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A Real Navy Seal at the National Zoo

Selkie the Seal lounging in her retirement. (NHF Photo/Matthew Eng)

Selkie the Seal lounging in her retirement. (NHF Photo/Matthew Eng)

By Matthew T. Eng

Not many veterans can say they are paid out their Navy pension in fish.

It was a perfect Sunday to go to the Smithsonian National Zoo. After a wet and rainy Saturday this weekend, I was relieved that I would not disappoint my group of out-of-town friends who, among other things in the district, wanted to see the zoo. Admittedly, the main focus of our trip was to wish Bao Bao the panda bear a happy first birthday. Little did I know that I would get to meet a real Navy seal. No, not the elite Special Forces extension of the Navy you may be thinking of. I mean the marine mammal.

The day was warm and pleasantly mild – the perfect day to visit. Towards the end our time there, we decided to cut a swath through the middle of the park to the parking lot. The fastest way possible from our position near the elephants was through the American Trail walkthrough. The beginning of the trail exhibit winds down “Rock Creek,” where guests explore everything from bald eagles to river otters and beavers. As that section gave way to the coastal region along the middle of the trail, I noticed a large rectangular tank surrounding by cliffs of rocks. Among a group of seals swimming in torpedo-like fashion was one in particular that caught my eye. This particular seal stood at the edge of the water, sunning on a rock as a bevvy of shudder-happy onlookers snapped away from the observation point above.

I asked a nearby docent a little about the seal. It looked all too comfortable to be in there. The docent smiled and commented, “That’s because she is a seasoned veteran of the zoo.” She proceeded to tell me that her name was Selkie, a 41-year old gray seal that has lived at the zoo since 1979. I was interested in her story, but was ready to move on. As I walked away, the docent added, “and she is a Navy veteran as well.” My ears perked. The gears started moving in my head. I was staring at a literal NAVY SEAL. It was one of those rare occurrences where metaphor became reality. I had to know more.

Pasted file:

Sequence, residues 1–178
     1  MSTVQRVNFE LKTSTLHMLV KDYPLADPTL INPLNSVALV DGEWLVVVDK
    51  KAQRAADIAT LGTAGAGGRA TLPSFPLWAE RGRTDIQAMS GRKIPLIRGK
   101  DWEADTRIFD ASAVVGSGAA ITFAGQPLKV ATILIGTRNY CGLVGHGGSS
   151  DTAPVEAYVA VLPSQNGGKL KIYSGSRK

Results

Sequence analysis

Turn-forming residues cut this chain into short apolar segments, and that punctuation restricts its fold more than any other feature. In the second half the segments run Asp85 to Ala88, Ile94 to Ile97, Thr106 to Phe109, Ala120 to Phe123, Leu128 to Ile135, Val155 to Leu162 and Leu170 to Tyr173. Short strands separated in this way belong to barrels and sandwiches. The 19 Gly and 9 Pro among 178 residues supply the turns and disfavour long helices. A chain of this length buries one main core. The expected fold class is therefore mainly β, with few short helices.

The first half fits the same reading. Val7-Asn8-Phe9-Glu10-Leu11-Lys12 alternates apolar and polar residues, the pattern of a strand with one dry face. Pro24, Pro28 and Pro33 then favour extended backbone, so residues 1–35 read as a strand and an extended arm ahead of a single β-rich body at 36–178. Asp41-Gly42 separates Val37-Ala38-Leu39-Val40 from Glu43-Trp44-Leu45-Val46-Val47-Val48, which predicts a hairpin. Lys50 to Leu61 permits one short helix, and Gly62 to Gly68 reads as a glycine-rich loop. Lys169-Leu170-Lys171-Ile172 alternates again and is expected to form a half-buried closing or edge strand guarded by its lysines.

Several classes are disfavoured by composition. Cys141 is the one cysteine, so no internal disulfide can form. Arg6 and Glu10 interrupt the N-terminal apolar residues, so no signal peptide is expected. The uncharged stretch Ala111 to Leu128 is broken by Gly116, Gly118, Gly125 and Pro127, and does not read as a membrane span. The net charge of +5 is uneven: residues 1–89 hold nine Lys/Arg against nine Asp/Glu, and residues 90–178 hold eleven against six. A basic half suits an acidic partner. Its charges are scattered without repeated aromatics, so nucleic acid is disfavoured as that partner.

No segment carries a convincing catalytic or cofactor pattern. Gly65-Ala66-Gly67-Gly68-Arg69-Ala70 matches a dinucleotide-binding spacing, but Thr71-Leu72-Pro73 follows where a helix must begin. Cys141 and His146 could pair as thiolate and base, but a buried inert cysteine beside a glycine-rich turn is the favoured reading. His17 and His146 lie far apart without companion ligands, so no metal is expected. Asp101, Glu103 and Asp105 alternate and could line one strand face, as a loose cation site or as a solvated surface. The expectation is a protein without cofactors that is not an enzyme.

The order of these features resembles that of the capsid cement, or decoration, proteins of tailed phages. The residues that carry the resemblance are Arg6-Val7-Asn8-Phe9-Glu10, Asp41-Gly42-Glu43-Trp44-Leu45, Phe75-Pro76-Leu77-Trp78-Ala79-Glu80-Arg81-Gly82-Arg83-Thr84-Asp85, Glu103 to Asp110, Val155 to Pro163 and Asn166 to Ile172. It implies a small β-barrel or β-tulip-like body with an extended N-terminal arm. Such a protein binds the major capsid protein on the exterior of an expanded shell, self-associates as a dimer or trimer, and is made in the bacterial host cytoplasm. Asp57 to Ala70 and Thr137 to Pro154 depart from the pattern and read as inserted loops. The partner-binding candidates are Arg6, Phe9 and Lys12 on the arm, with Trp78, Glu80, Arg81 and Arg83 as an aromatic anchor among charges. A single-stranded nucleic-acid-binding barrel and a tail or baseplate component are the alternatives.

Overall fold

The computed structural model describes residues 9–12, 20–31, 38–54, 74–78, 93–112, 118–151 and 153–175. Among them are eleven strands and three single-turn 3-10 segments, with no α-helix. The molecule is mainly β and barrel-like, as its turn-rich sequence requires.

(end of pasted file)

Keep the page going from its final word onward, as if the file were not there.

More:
The informed docent began to tell me about Selkie’s amazing life and relationship with the Navy and the Smithsonian. I began to learn a little more about Selkie and her relationship with the United States Navy. The essential facts were there, but I still wanted more. I researched everything I could about Selkie immediately after I got home from the zoo. As it turns out, Selkie was “Government Issue” almost from the beginning of her life. Thanks in large part to an article written by Cindy Han in the NOV/DEC 2008 edition of the Smithsonian’s Zoogoer, I was able to fill in the details of this extraordinary seal.

PACIFIC OCEAN  (November 1970) Handler Jim Corey leads a harnessed sea lion up a ramp during the animal’s training. Animal behaviorists from the Naval Undersea Research and Development Center, Pasadena, are training the sea lions to encircle and lock a grabber device into a target in the sea. (US Navy Photograph)

PACIFIC OCEAN (November 1970) Handler Jim Corey leads a harnessed sea lion up a ramp during the animal’s training. Animal behaviorists from the Naval Undersea Research and Development Center, Pasadena, are training the sea lions to encircle and lock a grabber device into a target in the sea. (US Navy Photograph)

Naval researchers near Iceland caught Selkie and her counterpart Gunnar more than forty years ago. At the time, both pups were just six months old. Selkie and Gunnar “enlisted” in the Marine Mammal Program (MMP). At the time, the MMP was a secretive Cold War initiative that used marine mammals to perform underwater work.

According to the US Navy Marine Mammal Program website, work with marine mammals began in the late 1950s. The Navy wanted to study how dolphins moved in water in order to possibly improve torpedo and submarine designs. At the beginning of the Marine Mammal Program, the Navy experimented with several types of marine mammals, including killer whales, pilot whales, white whales, Steller sea lions, fur seals, and grey seals. The Navy found that marine mammals are highly adaptive and reliable animals, capable of helping us build a better Navy.

The duties and responsibilities of the Navy’s aquatic enlistees changed many times over the years. One of the their initial duties was to locate personnel from downed aircraft. They also had applications in naval science. A study on the program included in a 2010 International Journal of Comparative Psychology article explains further:

“Early in the MMP there was interest in what might be learned from diving animals like dolphins, whales, and seals that might give clues to human diving diseases such as decompression sickness, aeroembolism, nitrogen narcosis and high pressure nervous syndrome.”

Selkie and Gunner (Mehgan Murphy/NZP)

Selkie and Gunner (Mehgan Murphy/NZP)

Selkie and Gunnar began to do train with the Navy for a variety of helpful tasks. According to Han, gray seals were specifically “taught how to retrieve items, insert and remove equipment, use a screwdriver, and even turn a large wheel valve.” According to one Navy trainer, Selkie’s behavior was particularly unique:

“(He) would take her by boat for an ocean training session. Sometimes she’d put her head in, enter the water, and practice her skills. Other times, she would pull her head back out of the water and stay put.” (Han, Zoogoer)